It’s all about ‘Burns’ and dams in next episode of UTV’s Lough Foyle


JOE Mahon continues his travels around Lough Foyle and its hinterlands on Monday night (October 12) with a visit to the tributary streams that run in to the River Faughan, where he helps volunteers build a ‘leaky dam’.

He also drops in on New-townstewart’s very own Burn’s Night celebrations.

‘Lough Foyle’ is a television travelogue series featuring the history, natural environment and cultural heritage of the Foyle catchment area, with particular emphasis on Ulster-Scots elements of the hinterland.

Joe spent several months, both pre and post lockdown, exploring the unique watery environment of Lough Foyle, and this series is taking the viewer on a fabulous journey on one of the greatest river systems on the island of Ireland.

In Monday night’s episode Joe rejoins Lionel Knobbs from the Loughs Agency, whom we met in the opening episode. The Loughs Agency and the Woodland Trust are working in partnership to help slow down the flow of the tributary streams of the River Faughan, in an area notorious for flooding.

Joe joins Lionel and Bronagh Gallagher from the Woodland Trust, and along with a team of volunteers sets about building ‘leaky dams’, involving placing logs across the stream to help stem the flow, and push silt to the sides in the event of fast flowing water. ‘Leaky dams’ might sound like something of a contradiction but they’re a great way of protecting the fragile ecology of the spawning beds of the river.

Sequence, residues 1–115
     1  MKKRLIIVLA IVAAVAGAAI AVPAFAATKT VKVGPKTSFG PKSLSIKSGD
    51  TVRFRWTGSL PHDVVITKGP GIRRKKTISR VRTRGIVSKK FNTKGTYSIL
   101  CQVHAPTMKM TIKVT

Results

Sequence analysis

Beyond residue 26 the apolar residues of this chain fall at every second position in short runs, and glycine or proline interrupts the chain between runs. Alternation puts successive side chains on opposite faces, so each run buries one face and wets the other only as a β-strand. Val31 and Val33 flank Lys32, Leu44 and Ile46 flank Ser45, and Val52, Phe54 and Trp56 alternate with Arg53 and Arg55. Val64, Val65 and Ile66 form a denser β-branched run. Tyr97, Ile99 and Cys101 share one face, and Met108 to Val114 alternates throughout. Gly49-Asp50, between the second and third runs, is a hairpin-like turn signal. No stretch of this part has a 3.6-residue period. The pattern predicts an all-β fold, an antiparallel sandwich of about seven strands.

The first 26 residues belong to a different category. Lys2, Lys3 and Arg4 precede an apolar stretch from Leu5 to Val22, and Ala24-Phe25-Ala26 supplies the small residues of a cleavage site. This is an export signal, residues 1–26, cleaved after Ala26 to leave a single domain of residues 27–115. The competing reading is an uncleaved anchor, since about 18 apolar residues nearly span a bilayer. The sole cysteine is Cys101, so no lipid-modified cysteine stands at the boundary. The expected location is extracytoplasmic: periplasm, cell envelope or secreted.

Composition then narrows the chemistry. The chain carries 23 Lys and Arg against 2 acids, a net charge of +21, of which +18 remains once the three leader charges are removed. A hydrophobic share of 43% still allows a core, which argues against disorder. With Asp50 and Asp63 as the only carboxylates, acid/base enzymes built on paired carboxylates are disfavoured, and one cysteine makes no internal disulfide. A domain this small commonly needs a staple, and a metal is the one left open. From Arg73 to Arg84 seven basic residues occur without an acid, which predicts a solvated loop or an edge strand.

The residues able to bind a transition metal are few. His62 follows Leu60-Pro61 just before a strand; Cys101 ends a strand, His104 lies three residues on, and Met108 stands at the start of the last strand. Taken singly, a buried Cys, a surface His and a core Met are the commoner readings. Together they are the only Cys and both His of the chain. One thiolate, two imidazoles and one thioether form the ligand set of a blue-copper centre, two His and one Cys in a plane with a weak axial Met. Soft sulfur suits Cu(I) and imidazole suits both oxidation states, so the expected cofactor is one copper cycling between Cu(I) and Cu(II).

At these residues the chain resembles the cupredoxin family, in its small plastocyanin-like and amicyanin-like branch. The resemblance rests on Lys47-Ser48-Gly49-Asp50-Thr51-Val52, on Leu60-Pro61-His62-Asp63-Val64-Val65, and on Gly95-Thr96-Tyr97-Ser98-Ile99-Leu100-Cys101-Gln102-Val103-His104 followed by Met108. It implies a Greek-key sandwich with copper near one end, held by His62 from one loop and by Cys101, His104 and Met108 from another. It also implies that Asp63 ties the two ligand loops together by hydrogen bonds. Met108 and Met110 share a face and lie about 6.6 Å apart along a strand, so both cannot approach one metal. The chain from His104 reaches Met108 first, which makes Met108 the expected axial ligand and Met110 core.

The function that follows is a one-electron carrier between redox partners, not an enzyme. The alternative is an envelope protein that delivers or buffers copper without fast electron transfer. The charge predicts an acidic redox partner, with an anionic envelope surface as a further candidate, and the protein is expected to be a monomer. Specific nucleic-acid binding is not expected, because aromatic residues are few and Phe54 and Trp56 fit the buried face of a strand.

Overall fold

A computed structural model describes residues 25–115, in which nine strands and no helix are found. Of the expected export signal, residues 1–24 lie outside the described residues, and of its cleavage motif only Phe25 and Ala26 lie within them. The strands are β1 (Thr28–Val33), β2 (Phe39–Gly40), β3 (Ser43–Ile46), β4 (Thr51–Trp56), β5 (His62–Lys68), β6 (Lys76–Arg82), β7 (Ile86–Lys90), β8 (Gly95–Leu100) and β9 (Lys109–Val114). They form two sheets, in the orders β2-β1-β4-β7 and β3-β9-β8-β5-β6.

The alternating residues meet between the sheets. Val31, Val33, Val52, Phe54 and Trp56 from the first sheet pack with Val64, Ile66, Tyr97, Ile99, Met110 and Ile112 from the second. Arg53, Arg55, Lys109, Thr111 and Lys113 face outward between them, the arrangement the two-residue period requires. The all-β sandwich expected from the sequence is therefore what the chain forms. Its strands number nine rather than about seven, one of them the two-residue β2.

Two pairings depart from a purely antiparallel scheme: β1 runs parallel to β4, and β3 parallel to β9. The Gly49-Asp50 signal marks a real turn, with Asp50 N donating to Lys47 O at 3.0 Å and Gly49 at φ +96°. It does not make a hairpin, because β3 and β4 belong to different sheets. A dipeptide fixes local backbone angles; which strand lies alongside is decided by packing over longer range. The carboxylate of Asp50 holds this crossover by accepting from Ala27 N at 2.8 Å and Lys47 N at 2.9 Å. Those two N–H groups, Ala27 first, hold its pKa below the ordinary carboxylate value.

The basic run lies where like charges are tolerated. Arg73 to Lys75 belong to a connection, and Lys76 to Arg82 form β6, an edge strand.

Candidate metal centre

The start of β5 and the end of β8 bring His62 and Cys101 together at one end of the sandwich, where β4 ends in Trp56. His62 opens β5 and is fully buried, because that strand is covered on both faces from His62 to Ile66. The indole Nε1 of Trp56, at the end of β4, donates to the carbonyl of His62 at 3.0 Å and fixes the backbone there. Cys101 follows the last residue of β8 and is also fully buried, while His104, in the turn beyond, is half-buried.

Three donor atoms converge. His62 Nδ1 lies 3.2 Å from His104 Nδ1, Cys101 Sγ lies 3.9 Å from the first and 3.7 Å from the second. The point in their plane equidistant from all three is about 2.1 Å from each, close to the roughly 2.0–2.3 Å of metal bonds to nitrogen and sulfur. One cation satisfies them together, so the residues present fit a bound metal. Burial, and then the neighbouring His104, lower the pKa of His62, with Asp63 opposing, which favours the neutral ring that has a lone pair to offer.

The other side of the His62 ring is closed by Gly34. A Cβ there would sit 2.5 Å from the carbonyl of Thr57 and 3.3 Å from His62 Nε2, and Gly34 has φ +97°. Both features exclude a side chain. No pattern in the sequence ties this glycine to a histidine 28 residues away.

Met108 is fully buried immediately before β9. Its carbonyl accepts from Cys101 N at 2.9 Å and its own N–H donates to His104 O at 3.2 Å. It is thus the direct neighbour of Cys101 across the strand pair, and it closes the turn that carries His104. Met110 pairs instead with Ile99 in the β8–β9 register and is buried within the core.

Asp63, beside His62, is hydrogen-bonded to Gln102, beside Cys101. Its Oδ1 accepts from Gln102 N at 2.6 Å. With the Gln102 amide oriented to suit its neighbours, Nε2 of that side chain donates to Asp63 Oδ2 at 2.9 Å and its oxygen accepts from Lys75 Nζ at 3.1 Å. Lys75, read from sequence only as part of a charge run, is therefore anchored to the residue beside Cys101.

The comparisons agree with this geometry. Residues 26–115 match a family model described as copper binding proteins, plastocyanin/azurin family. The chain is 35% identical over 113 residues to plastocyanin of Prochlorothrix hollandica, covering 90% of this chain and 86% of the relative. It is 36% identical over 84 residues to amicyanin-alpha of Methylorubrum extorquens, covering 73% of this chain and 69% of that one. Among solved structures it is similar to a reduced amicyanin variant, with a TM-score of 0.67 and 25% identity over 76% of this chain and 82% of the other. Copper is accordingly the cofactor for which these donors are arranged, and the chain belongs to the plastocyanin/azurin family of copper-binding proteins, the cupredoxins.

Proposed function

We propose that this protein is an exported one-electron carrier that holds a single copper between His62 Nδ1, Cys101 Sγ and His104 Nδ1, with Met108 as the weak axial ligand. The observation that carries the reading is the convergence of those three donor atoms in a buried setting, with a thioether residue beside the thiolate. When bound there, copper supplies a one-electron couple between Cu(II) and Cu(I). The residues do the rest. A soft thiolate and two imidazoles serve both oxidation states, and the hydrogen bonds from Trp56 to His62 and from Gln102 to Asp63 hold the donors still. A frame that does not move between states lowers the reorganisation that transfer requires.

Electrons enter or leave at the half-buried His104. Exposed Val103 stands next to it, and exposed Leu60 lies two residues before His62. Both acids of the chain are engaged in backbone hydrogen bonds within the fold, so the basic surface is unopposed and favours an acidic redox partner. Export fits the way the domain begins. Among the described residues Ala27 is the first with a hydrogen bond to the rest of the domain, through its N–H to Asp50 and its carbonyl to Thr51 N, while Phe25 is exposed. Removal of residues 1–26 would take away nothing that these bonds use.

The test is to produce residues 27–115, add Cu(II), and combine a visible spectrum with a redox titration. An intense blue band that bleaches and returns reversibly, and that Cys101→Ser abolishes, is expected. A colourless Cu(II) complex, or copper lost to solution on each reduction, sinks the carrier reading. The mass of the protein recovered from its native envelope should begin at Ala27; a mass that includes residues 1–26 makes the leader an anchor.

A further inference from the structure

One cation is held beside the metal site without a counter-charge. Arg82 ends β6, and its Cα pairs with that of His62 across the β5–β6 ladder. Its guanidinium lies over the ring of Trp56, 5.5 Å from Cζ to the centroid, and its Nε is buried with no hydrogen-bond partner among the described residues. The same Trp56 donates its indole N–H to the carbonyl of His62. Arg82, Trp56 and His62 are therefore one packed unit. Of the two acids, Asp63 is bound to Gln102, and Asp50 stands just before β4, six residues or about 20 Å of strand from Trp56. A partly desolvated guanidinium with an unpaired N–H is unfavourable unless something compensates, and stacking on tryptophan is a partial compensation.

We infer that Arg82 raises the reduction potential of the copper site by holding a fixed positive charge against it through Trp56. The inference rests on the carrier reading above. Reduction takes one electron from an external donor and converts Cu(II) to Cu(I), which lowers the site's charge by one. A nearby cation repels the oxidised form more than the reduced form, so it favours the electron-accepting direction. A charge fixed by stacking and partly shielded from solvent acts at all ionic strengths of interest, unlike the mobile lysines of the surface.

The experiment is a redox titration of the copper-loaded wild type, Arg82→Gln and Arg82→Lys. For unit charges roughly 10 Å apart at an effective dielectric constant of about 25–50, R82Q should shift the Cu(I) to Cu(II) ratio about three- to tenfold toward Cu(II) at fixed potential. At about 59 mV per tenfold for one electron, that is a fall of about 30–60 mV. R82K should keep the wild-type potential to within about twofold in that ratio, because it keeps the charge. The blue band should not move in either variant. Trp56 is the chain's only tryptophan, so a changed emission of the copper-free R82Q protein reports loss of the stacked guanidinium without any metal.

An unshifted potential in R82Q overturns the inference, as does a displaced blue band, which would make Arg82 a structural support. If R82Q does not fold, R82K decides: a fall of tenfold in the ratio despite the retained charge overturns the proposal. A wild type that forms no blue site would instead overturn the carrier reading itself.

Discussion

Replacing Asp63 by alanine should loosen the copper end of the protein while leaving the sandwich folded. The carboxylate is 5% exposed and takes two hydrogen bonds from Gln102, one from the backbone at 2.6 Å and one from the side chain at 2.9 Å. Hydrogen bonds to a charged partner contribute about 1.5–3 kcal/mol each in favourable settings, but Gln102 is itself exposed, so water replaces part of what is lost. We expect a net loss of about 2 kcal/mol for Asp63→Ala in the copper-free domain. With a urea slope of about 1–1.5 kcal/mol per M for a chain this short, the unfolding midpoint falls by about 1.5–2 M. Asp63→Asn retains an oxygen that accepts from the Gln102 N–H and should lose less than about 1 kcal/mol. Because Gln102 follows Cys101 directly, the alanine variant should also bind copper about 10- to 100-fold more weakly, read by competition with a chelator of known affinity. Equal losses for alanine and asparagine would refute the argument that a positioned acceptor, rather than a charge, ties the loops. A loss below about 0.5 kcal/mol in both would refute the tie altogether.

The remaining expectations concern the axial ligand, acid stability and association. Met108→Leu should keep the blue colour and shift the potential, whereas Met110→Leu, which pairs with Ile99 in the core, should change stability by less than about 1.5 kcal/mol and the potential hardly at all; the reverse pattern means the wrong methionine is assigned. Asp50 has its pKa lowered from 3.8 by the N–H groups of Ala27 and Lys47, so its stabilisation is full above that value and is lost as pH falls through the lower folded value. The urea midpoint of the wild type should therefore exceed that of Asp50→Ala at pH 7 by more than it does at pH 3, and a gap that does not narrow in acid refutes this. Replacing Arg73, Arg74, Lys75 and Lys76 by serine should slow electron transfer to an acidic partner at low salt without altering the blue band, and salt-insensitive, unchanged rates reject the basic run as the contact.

In the second part of the programme, Joe gets a cookery lesson in haggis making at the annual Burns Night supper in Newtownstewart. Irene Spratt from the Ulster-Scots Agency talks to Joe about the history, heritage and traditions surrounding the event, where the evening is rounded off with piping, drumming and dancing involving young and old alike from the community.

Throughout the series, Joe will

continue to spend time with government bodies, agencies and charity groups whose main aim is to ensure the lough and surrounding areas, and its many natural inhabitants are all looked after.

One of the great attractions of this series is the stunning aerial photography which shows off the dramatic land and seascapes of the North West region as they have never been seen before.


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